Can of beer

Step Nine: Pick a Material

Most beer is going to come in a variety of different styles and sizes of containers. They come in glass bottles, aluminum bottles, aluminum cans and who knows what else, right?

So which size and shape do you really want to take with you? We already touched on it once, but it definitely bears repeating, since you don’t want to have the wrong thing when you head out.

The key is to go with an aluminum style container because that’s going to protect your beer while you’re out hiking. If you take something glass and you happen to fall or even bump into something too hard all the sudden your beer is gone and all of your stuff (including your pack) is going to be a soggy mess.

That’s definitely going to hurt in a few different ways, right? Who wants to get all the way to the campfire and have no beer to drink when everyone else is passing around a cold one? Aluminum keeps your beer much safer on the trail.

Beer store

Aluminum is also going to keep your beer a whole lot colder. It can absorb a lot more of the chill from your fridge or freezer before you go than that glass will and it’s going to absorb more if you stick it in the river or stream (as a lot of people do when on camping or hiking trips).

Even more, it’s going to hold that chill for a lot longer so you’ll be able to really enjoy that beer (rather than having something lukewarm halfway through your drink). And finally, the size is going to be an important factor as you go.

Step Ten: Choose a Size

You can get 40 ounce bottles of some beers and some come in 20 ounce, 16 ounce, 12 ounce and anything in between. But a traditional 12-16 ounce can is probably going to be your best option because it’s going to be easy to carry and easy to drink.

Larger sizes of beer are going to be hard to drink directly out of the container and if you have to carry along glasses or anything else you’re taking up more space and it becomes more difficult to drink while you’re on the trail. Something small is going to be a whole lot simpler both for drinking, and for carrying.

different beer cans

A 12-16 ounce can of beer is going to be simple to stuff into your sack as you’re packing and it’s going to fit around most of the other things that you need.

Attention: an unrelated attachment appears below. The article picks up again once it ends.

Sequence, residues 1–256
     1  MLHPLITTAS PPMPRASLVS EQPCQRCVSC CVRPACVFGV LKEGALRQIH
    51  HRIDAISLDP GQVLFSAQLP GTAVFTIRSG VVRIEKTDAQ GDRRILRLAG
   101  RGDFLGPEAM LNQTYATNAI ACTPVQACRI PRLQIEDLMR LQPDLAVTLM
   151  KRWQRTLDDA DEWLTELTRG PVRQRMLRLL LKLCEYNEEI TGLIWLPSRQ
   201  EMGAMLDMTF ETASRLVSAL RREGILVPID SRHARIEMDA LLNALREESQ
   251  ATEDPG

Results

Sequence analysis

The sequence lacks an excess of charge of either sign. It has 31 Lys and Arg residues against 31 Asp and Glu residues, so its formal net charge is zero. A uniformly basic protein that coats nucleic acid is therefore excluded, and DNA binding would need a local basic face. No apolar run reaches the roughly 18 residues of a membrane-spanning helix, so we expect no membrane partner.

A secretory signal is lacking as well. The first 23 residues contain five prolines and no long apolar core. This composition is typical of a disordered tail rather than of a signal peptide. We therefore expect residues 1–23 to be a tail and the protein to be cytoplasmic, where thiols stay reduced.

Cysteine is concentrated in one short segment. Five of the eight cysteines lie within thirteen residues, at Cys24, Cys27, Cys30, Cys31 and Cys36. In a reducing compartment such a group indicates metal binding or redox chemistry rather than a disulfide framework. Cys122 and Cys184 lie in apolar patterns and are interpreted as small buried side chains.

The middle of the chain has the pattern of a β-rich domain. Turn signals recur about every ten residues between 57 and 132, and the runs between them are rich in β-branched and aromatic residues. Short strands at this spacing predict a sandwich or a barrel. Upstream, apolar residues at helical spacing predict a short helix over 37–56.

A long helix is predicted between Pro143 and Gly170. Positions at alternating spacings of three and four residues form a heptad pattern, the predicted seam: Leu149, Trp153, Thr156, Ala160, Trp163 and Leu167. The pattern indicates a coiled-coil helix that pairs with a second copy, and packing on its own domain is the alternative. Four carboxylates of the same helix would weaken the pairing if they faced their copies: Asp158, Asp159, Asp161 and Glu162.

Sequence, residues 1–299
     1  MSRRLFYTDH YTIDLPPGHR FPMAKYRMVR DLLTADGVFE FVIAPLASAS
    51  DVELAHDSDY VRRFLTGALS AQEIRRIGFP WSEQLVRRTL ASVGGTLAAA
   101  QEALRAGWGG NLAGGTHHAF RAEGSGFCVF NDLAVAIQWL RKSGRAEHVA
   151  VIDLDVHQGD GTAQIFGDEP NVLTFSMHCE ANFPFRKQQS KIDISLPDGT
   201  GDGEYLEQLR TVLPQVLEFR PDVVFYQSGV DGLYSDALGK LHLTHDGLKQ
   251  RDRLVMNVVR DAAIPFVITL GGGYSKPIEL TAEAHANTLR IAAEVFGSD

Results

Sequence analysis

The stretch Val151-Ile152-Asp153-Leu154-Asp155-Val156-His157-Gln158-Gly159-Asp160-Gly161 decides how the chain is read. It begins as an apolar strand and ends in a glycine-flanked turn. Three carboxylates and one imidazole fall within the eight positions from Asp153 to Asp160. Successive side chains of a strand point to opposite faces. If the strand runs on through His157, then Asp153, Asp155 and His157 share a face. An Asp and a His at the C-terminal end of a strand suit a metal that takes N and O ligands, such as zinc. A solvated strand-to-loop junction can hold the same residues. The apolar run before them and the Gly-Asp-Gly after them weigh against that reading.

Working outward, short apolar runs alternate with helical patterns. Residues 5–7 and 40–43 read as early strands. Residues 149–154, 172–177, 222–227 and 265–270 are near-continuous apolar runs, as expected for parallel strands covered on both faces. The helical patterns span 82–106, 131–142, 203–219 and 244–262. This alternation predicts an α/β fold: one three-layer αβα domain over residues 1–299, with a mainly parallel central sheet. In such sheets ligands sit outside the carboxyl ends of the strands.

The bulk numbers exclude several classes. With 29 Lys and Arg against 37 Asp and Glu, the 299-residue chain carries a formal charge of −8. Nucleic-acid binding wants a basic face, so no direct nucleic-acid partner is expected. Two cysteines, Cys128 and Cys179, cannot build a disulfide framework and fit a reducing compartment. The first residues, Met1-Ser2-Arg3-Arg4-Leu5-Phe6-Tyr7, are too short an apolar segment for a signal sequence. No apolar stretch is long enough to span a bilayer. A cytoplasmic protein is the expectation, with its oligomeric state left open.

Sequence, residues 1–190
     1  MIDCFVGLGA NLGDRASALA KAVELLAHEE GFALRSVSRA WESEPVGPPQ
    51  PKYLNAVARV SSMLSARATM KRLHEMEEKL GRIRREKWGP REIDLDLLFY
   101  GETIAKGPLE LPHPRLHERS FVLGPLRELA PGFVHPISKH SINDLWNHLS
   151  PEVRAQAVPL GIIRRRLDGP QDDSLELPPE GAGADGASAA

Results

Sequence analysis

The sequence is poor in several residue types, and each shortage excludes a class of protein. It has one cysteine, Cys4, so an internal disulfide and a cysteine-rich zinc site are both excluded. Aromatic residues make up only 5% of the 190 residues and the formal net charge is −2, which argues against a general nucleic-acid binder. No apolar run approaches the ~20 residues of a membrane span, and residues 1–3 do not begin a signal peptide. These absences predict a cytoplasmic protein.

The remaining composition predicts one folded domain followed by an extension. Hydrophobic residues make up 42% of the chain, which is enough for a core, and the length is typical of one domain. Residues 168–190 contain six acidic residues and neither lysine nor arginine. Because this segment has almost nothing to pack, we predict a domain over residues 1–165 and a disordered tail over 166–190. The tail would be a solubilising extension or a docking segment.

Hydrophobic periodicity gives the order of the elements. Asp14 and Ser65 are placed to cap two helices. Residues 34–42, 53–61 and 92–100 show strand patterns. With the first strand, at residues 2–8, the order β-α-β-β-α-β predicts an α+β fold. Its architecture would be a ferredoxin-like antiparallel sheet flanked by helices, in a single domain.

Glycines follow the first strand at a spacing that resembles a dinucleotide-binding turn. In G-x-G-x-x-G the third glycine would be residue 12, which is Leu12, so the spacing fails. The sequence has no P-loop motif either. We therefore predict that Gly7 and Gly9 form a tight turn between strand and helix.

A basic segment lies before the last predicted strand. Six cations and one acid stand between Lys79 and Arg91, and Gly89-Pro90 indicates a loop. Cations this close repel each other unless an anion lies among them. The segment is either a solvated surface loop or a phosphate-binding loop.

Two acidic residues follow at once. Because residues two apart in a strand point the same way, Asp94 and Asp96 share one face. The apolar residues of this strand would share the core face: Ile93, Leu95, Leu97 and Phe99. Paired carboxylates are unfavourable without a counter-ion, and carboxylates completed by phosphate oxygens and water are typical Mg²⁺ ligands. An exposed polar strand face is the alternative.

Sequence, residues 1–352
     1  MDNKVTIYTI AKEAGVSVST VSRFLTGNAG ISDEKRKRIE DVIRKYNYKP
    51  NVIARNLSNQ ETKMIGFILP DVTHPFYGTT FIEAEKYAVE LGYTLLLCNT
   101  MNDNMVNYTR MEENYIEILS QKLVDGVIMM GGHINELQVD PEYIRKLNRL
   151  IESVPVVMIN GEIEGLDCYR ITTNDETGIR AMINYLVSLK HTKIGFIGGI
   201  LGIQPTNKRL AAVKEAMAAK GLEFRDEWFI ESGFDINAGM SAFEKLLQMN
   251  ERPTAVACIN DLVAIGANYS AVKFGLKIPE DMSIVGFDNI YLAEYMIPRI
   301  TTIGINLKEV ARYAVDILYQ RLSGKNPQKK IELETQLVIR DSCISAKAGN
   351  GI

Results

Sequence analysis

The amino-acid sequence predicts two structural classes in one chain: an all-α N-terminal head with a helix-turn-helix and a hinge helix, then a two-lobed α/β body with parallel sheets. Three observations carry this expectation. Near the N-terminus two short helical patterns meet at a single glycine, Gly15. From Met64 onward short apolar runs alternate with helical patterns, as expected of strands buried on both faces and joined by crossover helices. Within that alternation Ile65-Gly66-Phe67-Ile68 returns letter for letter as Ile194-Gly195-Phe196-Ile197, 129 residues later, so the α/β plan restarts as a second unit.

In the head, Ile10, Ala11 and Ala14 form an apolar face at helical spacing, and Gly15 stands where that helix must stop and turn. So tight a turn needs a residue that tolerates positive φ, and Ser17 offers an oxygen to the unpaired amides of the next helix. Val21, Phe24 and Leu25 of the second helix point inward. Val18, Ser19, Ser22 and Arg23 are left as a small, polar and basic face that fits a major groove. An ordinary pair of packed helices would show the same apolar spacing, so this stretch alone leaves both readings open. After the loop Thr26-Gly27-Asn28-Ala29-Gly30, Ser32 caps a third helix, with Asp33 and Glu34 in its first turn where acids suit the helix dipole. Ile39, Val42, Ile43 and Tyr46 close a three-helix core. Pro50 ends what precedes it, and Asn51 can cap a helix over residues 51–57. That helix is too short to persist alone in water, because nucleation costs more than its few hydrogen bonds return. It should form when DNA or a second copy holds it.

When you’re ready to pull it out you just have to pop it open and you can hold it in your hand, set it on a folding table (if you brought one) or set it in a cupholder on your chair.

It makes things a whole lot simpler without you having to worry about tipping it over or knocking into it while you’re trying to move around or do anything else at the same time.

The End of the Line

When you get to the end of the trail the last thing you want is to go through even more hassle trying to pour yourself a glass of beer or trying to dig a large container out of the bottom of your pack. Instead, just pull out a small can and you’ll be ready to start enjoying it with all your friends.

Whether you’re planning to just have one or two with a meal before heading out on your way or to turn it into a big party, it’s going to be a great time if you know what you’re getting.

Picnic cooler box with beer bottles

The most important thing is making sure that when you get to the end of the line and the end of the trail (at least for the day) you have something great to drink that you’ll be telling everyone else about (though probably not sharing since it’s so good).

Your hiking trips are never going to be the same again when you start taking a couple cans of beer along with you. Of course, we want to know what you think, so tell us, what’s your favorite beer to take hiking? Do you have other tips on how to choose the right one?

ABOUT THE AUTHOR
Dennis Owens
Dennis Owens

Dennis Owens is a graduate of National Camping School and REI Outdoor School. He knows everything about what gear to take with you, how to plan your trip to stay safe and what to do if you get lost in the mountains. We are lucky to have Dennis with us as he is a ‘walking encyclopedia’ when it comes to the wilderness.

  • Steve Fulton

    I loved this article. Outdoors and beer are my two favorite things. Well maybe besides my wife. Our favorite way to do it is to use our stainless steal growler. It is double walled with vacuum insulation from Brewsuit.com. We got ours at a local shop, and most growler shops offer them. They keep beer cold forever, but they are a little heavy and large. I only recommend them for car camping or very short hikes.

    • Dennis Owens

      I agree, Steve. Some locally-available insulations are either too heavy or too big which loses points for portability. However, as you’ve mentioned, they can work for quick hikes or if you are camping with an RV or car.